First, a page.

Sabapathy: From stage to celluloid

Sabapathy was one of Tamil cinema’s earliest full length comedies. The film, which was released in 1941 was produced by A.V.Meiyappa Chettiar and directed by A.T.Krishnaswamy. The plot was based on Pammal Sambandha Mudaliar’s play by the same name.

In his autobiography Naadaga Medai Ninaivugal, Sambandha Mudaliar says that Sabapathy was the first farce that he wrote. The story, which revolved around a young, rich (and not so intelligent) zamindar and his foolish servant (both named Sabapathy) was first written in 1906. Sambandha Mudaliar writes that the inspiration for the servant was derived from observing the man Fridays of a few friends. In particular, he credits Narasimhan, the personal assistant of his close friend V.V.Srinivasa Iyengar, the noted lawyer for having served as the base to building the character! He also acknowledges the influence of Handy Andy, the famous book written by Samuel Lover where the character could do nothing right.

The story was written in eight parts, each of which was capable of being staged as a separate stage play. Pammal Sambandha Mudaliar himself played the role of the zamindar, while many of his troupe members donned the role of the servant. So popular was the play that it continued to be staged even after the movie had released and had become a huge success. Pammal Sambandha Mudaliar writes of an interesting incident in 1944, where he, aged 71 years at that time had to appear in the role of zamindar for a scene during a staging to raise funds for the Thondaimandala Thuluva Vellalar School on Mint Street.

The movie had T.R.Ramachandran and Kali N.Ratnam (both of them from stage backgrounds) playing the roles of the zamindar and the servant respectively. Having zeroed in on the choice of T.R.Ramachandran to play the role of zamindar, A.V.Meiyappa Chettiar brought him to Sambandha Mudaliar for his approval, which was given after a brief test of his capability to do justice to the role. Kali N.Ratnam was a well-known actor and vaadhyar who served with the Madurai Original Boys Company, earning the prefix of Kali thanks to his portrayal of the Goddess in a play about Kannagi. Amongst those who trained under him were P.U.Chinnappa and M.G.Ramachandran. The female lead was played by R.Padma (a Lux soap model!) while C.T.Rajakantham was paired opposite Kali N.Ratnam. The Kali N.Ratnam-Rajakantham partnership was a successful one and featured in several movies. C.T.Rajakantham was alive until the 1990s and even acted in the popular Marmadesam (Vidaadha Karuppu) serial.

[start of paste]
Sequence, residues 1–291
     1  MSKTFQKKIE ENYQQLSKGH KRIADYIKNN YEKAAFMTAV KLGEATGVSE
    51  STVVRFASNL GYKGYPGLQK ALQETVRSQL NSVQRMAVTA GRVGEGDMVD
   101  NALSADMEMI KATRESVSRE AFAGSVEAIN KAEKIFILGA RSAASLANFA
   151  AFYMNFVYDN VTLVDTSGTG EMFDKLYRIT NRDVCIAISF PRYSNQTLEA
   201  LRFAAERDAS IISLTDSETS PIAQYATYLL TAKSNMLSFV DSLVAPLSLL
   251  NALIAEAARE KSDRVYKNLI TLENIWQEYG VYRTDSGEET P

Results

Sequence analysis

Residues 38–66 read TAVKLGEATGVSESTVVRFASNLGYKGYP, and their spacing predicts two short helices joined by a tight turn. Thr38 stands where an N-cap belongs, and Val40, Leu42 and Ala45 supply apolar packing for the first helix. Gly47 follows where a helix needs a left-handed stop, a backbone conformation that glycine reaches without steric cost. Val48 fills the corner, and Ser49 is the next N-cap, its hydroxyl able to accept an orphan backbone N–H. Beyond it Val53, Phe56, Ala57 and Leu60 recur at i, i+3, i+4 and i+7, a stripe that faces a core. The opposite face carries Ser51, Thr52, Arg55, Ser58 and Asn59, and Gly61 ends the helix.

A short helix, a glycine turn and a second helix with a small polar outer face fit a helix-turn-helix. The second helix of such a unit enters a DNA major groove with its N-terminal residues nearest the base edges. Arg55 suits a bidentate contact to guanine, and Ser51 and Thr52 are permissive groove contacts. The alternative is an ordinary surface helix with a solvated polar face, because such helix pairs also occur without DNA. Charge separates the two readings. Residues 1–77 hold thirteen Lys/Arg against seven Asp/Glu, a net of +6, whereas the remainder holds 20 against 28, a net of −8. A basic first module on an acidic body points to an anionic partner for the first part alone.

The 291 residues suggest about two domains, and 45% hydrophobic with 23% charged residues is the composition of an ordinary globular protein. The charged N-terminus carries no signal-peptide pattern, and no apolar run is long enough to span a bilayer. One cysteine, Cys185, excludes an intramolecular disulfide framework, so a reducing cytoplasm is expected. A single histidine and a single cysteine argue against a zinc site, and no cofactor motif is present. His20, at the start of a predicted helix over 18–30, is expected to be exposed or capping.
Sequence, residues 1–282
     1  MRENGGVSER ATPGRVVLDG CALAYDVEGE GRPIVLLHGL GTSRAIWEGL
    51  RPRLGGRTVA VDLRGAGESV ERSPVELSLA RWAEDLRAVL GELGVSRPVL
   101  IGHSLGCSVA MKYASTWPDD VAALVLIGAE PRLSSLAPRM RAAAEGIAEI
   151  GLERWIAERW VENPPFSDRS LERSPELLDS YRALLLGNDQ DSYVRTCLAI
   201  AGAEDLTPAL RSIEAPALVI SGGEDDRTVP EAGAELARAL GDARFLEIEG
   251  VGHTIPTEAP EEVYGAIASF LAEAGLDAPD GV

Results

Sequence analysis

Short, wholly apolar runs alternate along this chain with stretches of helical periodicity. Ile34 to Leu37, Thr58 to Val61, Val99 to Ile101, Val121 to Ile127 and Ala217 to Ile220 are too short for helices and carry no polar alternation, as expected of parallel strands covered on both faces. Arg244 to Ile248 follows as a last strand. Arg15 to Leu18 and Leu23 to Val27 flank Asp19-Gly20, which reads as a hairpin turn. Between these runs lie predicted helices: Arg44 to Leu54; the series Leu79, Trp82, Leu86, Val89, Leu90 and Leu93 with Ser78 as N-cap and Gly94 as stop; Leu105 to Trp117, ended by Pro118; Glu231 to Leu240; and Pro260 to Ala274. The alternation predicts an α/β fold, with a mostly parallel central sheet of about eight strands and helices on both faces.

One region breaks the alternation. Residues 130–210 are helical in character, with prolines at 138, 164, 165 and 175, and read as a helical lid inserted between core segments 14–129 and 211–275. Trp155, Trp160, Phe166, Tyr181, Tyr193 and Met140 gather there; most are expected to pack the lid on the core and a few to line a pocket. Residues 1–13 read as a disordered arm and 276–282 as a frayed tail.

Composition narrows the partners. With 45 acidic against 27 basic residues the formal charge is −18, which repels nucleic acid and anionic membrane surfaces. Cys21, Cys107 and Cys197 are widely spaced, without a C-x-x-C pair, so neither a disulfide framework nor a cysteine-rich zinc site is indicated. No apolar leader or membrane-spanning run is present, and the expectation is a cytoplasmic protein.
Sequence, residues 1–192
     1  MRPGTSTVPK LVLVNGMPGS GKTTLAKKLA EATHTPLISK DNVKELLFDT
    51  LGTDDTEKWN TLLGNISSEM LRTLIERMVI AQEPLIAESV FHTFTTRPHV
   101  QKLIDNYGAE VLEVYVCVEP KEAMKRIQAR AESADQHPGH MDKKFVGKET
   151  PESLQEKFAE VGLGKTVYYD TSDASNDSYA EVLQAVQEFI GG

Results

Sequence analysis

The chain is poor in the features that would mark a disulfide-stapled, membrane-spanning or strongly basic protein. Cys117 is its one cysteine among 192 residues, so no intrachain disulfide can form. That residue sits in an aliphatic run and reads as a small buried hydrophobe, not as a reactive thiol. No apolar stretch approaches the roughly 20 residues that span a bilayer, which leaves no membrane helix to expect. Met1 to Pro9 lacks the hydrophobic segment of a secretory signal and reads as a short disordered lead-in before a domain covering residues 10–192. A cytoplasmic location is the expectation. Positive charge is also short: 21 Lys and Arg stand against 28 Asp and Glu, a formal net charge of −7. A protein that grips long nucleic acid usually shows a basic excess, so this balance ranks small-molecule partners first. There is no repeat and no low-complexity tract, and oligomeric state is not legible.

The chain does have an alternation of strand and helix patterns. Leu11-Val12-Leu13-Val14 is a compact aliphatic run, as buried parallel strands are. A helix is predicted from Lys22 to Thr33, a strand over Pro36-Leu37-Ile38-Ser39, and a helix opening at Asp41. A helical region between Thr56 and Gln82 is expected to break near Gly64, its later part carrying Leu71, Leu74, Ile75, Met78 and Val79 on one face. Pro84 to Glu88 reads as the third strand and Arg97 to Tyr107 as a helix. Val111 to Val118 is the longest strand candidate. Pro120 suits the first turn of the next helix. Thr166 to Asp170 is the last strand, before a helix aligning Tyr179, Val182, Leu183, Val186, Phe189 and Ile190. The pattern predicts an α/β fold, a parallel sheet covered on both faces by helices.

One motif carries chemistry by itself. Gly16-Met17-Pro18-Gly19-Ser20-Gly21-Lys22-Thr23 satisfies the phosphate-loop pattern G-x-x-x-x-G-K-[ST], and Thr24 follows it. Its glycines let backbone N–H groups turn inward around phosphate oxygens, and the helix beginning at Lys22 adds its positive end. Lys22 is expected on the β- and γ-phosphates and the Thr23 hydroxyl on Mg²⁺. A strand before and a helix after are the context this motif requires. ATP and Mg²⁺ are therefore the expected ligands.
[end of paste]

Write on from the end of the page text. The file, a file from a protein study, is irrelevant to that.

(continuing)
The movie is a delight to watch even a good seven decades after its release thanks to the simple comedy and great characterisation of the actors.

This post was first written for The Cinema Resource Centre.

Manohara: From stage to celluloid

Tamil theatre was unarguably the biggest breeding ground for Tamil cinema, whose origin and development encouraged the easy migration and transition of actors, technicians, authors and themes from theatre. It was a relationship which began in the early days of cinema and lasted right upto the 1980s. Some of the most memorable films in our industry have been remakes or adaptations of stage plays. The Tamil theatre background of our greatest actors is well documented. Equally worthy of documentation is the contribution of various playwrights whose subjects were remade as films that were both critically acclaimed and commercially successful. Foremost amongst them in this regard was Pammal Sambandha Mudaliar.